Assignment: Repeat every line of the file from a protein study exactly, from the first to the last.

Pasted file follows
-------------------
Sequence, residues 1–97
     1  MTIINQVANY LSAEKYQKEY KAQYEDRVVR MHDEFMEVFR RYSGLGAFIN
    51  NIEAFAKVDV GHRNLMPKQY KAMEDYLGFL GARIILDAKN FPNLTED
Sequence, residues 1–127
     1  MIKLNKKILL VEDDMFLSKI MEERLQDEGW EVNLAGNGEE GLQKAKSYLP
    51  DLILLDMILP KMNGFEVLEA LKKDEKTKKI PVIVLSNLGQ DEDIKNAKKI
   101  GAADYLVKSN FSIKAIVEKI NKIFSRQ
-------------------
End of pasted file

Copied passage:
Sequence, residues 1–97
     1  MTIINQVANY LSAEKYQKEY KAQYEDRVVR MHDEFMEVFR RYSGLGAFIN
    51  NIEAFAKVDV GHRNLMPKQY KAMEDYLGFL GARIILDAKN FPNLTED
Sequence, residues 1–127
     1  MIKLNKKILL VEDDMFLSKI MEERLQDEGW EVNLAGNGEE GLQKAKSYLP
    51  DLILLDMILP KMNGFEVLEA LKKDEKTKKI PVIVLSNLGQ DEDIKNAKKI
   101  GAADYLVKSN FSIKAIVEKI NKIFSRQ